Photo Credit: Erik Madigan Heck
The Roundabout Theater Company’s adaptation of Émile Zola’s 1867 novella, Thérèse Raquin, is an intense melodrama that requires no use of foreshadowing to hint the tragedy that lies in store for its characters. The audience is welcomed with ominous non-diegetic music creating the sense of a gripping ill-feeling from the start, which oddly enough never seems to go away. Throughout the play, the audience wrestles with a wide range of emotions towards their multi-faceted protagonist played by Keira Knightly in her Broadway debut. The audience is also assaulted with powerful feelings of Thérèse’s confinement through the use of mute colour tones and stage setting.
We are first introduced to Thérèse Raquin in silhouette, obligingly following her aunt (Judith Light) across the stage to meet her invalid cousin Camille (Gabriel Ebert). She is, it seems, unremarkable and unmistakingly lowly as she acquiesces soon after to dutifully marry her cousin without any apparent objection. Her inner turmoil is reserved for the audience to witness. When the news of their arranged wedding is broken to her, Thérèse bolts downstage and releases her private despair under spotlight, isolated and seemingly helpless. Her insignificance is only made more well-aware to us by the production’s almost arid stage design, at one point only consisting of three large multi-pane windows, visually engulfing Thérèse as she opens each one. In contrast, but with similar effect, is the narrow living area of the apartment the family inhabits when they move to Paris and the artist loft dwelling of Laurent (Matt Ryan), Thérèse’s lover. These tight spaces allow functionality, yet they are really what real-estate agents would normally describe as “cosy”. The last few scenes limit Thérèse within the spaces of the Parisian apartment that contributes to the crescendo of intensity leading to the epic denouement.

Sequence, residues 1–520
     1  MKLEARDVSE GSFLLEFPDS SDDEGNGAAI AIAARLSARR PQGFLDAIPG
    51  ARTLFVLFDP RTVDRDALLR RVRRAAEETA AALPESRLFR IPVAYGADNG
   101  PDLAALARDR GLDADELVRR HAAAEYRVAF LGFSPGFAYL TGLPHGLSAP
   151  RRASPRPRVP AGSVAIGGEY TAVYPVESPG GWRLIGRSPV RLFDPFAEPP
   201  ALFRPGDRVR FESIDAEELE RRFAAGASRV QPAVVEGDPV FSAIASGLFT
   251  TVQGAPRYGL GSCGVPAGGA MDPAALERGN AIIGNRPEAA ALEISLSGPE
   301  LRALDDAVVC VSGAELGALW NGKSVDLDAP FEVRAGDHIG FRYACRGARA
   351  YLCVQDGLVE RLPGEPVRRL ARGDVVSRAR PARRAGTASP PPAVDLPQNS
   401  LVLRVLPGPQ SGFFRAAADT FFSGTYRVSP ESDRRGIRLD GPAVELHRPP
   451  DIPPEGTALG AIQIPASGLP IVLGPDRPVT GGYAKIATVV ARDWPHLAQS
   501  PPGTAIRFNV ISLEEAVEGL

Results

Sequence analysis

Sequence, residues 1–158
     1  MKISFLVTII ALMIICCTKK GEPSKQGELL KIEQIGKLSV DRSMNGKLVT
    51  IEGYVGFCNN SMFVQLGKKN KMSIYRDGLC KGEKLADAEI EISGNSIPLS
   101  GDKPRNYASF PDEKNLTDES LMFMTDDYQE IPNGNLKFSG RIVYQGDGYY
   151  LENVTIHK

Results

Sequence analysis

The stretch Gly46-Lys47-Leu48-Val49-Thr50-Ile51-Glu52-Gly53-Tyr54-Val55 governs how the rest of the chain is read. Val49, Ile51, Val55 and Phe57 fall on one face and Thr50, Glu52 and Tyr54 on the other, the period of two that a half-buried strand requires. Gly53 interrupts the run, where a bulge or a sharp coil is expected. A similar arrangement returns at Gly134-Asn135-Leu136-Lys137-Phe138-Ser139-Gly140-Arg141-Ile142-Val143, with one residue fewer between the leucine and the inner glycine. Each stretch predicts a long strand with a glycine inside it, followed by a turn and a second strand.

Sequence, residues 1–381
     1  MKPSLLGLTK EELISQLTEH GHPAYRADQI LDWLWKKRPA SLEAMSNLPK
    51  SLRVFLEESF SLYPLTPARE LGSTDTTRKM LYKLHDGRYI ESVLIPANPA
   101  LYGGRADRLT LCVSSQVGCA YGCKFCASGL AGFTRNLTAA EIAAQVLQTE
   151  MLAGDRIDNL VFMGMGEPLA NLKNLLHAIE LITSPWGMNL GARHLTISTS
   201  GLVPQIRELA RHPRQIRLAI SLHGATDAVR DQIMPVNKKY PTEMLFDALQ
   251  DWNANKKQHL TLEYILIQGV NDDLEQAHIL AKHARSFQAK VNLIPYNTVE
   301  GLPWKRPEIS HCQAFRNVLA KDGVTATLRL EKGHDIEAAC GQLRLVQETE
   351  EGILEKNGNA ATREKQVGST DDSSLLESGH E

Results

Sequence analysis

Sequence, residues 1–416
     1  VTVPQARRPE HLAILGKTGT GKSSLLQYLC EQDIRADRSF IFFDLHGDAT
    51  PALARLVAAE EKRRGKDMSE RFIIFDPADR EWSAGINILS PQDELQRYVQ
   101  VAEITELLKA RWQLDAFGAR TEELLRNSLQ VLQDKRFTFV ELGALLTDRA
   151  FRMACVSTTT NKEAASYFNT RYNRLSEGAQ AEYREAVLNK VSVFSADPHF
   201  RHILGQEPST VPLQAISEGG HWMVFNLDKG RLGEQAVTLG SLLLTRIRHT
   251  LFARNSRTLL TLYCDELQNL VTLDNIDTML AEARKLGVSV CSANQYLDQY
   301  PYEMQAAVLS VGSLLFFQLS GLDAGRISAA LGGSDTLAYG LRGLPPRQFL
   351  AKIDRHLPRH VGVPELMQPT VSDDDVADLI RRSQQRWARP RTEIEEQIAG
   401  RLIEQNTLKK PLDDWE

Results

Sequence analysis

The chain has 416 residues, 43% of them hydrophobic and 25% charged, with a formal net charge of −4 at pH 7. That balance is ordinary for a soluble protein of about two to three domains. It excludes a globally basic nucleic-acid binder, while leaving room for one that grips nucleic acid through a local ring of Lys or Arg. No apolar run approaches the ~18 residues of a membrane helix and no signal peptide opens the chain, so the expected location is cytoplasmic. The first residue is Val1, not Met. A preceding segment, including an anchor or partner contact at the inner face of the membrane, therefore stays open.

Apart from the drama, the stage technology utilised in this production deserves mention. Stage manager, Jeffrey Rodriguez’s work was certainly cut out for him, with the stage consisting of the suspending artist’s loft at one point, making clear the attic element in Laurent’s abode in Paris. With some slightly racy things happening during this scene, it is a testament to the crew that no evidence of swinging was apparent, as this could have threatened the audience’s lapse in concentration. Water of some depth was also featured in the play to depict the body of water Thérèse would confide in- a character almost in itself. The water would subsequently be a friend that would also keep her terrible secret as well.
By the end of Thérèse Raquin, we’re left to determine the limitations of our sympathy for our protagonist. The timid and obliging Thérèse eventually turns into a very capable young woman.
4 out of 5 stars